The end wall 156 into the first end cap 144 is further provided with a series of distinct, axially-extending flexible fingers, tabs or other elements 160 corresponding to complementary projections 162 formed on an interior cover top wall 64 of the lid 16 (see FIGS. 15 and 16). The tabs 160 are provided for engaging the cover top wall 64 of the lid 16 to retain the filter element 40 to the lid 16 during initial assembly and for pressing the filter element 40 against the biasing force of the main spring 135, as illustrated in FIG. 15. As illustrated in FIG. 22, four such tabs 160 are shown in a generally evenly-spaced annular arrangement extending outwardly, away from the end wall 156 of the first end cap 144, however the number and spacing of the tabs 160 can vary depending upon the particular structural arrangement of the filter assembly 10, and it is noted that only a single tab may be necessary in some applications. Preferably, the tabs 160 are homogenously formed from an appropriate material (such as plastic) unitarily with the first end cap 144 as a single piece unitary member in a conventional manner, such as by molding.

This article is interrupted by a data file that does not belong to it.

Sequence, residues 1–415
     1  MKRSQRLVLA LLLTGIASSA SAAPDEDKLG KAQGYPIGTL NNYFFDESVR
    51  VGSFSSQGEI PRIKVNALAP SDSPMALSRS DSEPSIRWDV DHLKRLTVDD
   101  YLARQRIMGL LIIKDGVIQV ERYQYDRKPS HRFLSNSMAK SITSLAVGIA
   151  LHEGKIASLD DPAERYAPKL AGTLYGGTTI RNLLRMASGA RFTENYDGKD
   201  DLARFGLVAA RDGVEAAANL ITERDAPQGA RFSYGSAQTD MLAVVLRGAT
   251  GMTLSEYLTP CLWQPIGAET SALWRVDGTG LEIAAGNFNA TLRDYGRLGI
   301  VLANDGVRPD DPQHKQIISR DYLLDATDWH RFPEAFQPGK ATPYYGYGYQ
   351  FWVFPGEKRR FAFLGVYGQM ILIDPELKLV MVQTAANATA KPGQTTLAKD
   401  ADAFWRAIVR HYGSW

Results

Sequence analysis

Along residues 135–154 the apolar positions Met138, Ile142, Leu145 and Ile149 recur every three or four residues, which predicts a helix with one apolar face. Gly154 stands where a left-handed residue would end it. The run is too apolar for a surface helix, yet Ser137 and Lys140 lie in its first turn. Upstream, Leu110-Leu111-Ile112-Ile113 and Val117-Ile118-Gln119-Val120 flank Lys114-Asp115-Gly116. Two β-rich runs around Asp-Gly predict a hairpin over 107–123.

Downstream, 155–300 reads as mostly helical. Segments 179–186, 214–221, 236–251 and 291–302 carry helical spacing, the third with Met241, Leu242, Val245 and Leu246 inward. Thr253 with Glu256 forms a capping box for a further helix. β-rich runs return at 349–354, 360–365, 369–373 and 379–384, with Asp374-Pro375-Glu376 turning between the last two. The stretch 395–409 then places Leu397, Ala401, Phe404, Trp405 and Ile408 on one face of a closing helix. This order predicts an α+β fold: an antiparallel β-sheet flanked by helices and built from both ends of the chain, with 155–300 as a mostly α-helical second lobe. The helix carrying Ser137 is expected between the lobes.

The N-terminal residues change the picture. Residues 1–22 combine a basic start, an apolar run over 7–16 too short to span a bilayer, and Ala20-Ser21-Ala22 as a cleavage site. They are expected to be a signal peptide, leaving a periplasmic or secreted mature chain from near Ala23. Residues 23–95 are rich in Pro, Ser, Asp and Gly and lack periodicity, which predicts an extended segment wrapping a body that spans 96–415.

In operation of the filter assembly 110, when the filter element 140 is installed properly in the filter housing 112, as illustrated in FIG. 15, the unfiltered (contaminated) fluid flows into the inlet chamber 18 a of the filter housing 112 through the inlet port 20. The unfiltered fluid then flows into a portion of the inlet chamber 18 a surrounding the filter element 140 and subsequently radially inward through the filter media 142 and the intake holes 151 in the center tube 148 of the filter element 140 in the outside-in flow pattern into the exit chamber 18 b and is cleansed of impurities. The clean fluid then travels from the exit chamber 18 b into the standpipe 124 through the open flow control valve 132. The filtered fluid leaves the filter housing 112 through the outlet port 22.